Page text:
The works of
Guy De Maupassant



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You know good-natured, stout Dupontel, who looks like the type of a happy man, with his fat cheeks that are the color of ripe apples, his small, reddish moustache, turned up over his thick lips, with his prominent eyes, which never know any emotion or sorrow, which remind one of the calm eyes of cows and oxen, and his long back fixed onto two little wriggling, crooked legs, which obtained for him the nickname of corkscrew from some nymph of the ballet.

Dupontel, who had taken the trouble to be born, but not like the grand seigneurs whom Beaumarchais made fun of once upon a time, was ballasted with a respectable number of millions, as is becoming in the sole heir of a house that had sold household utensils and appliances for over a century.

Naturally, like every other upstart who respects himself, he wished to appear something, to play at being a clubman, and also to play to the gallery, because he had been educated at Vangirard and knew a little English; because he had gone through his voluntary service in the army for twelve months at Rouen; because he was a tolerable singer, could drive four-in-hands, and play lawn-tennis.

Always studiedly well-dressed, too correct in every way, copying his way of speaking, his hats and his trousers from the three or four snobs who set the fashion, reproducing other people's witticisms, learning anecdotes and jokes by heart, like a lesson, to use them again at small parties, constantly laughing, without knowing why his friends burst into roars of merriment, and was in the habit of keeping pretty girls for the pleasure of his best friends. Of course he was a perfect fool, but after all, a capital fellow, to whom it was only right to extend a good deal of indulgence.

When he had taken his thirty-first mistress, and had made the discovery that in love, money does not create happiness two-thirds of the time, that they had all deceived him, and made him perfectly ridiculous at the end of the week, Charles Dupontel made up his mind to settle down as a respectable married man, and to marry, not from calculation or from reason, but for love.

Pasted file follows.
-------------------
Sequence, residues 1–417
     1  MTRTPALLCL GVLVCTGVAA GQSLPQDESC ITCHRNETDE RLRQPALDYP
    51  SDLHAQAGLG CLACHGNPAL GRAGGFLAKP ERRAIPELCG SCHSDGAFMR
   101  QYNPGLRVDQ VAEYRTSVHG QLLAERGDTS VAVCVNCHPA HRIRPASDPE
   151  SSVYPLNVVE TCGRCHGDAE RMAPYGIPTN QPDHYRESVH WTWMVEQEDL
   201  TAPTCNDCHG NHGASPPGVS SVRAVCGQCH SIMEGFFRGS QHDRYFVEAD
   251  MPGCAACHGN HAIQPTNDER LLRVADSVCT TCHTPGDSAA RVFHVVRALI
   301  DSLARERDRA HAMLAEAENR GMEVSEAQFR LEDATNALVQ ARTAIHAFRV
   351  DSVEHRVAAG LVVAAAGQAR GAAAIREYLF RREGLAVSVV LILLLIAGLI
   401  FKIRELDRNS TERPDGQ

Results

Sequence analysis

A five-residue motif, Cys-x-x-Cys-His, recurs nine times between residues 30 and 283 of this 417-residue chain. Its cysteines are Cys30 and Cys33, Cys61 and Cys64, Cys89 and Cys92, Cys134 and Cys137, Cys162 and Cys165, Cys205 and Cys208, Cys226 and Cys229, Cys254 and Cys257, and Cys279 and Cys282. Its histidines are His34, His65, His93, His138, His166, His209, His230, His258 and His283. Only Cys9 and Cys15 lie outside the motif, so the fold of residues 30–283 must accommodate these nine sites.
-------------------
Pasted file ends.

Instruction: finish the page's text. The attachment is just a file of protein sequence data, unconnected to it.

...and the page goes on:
One autumn afternoon at Auteuil, he noticed in front of the club stand, among the number of pretty women who were standing round the braziers, a girl with such lovely delicate complexion that it looked like an apple blossom; her hair was like threads of gold, and she was so slight and supple that she reminded him of those outlines of saints which one sees in old stained-glass church windows. There was also something enigmatical about her, for she had at the same time the delightfully ingenuous look of a school girl during the holidays, and also of some enlightened young lady, who already knew the how and the why of everything, who is exuberant with youth and life, and who is eagerly waiting for the moment when marriage will at length allow her to say and to do everything that comes into her head, and to amuse herself to satiety.

Then she had such small feet that they would have gone into a woman's hand, a waist that could have been clasped by a bracelet, turned up eyelashes, which fluttered like the wings of a butterfly, close on an impudent and sensual nose, and a vague, mocking smile that made folds in her lips, like the petals of a rose.

Her father was a member of the Jockey Club, who was generally cleared out, as they call it, in the great races, but who yet defended his position bravely, and continued that, and who kept himself afloat by prodigies of coolness and skill. He belonged to a race which could prove that his ancestors had been at the court of Charlemagne, and not as musicians or cooks, as some people declared.

Her youth and beauty and her father's pedigree dazzled Dupontel, upset his brain, and altogether turned him upside down, and combined they seemed to him to be a mirage of happiness and of pride of family.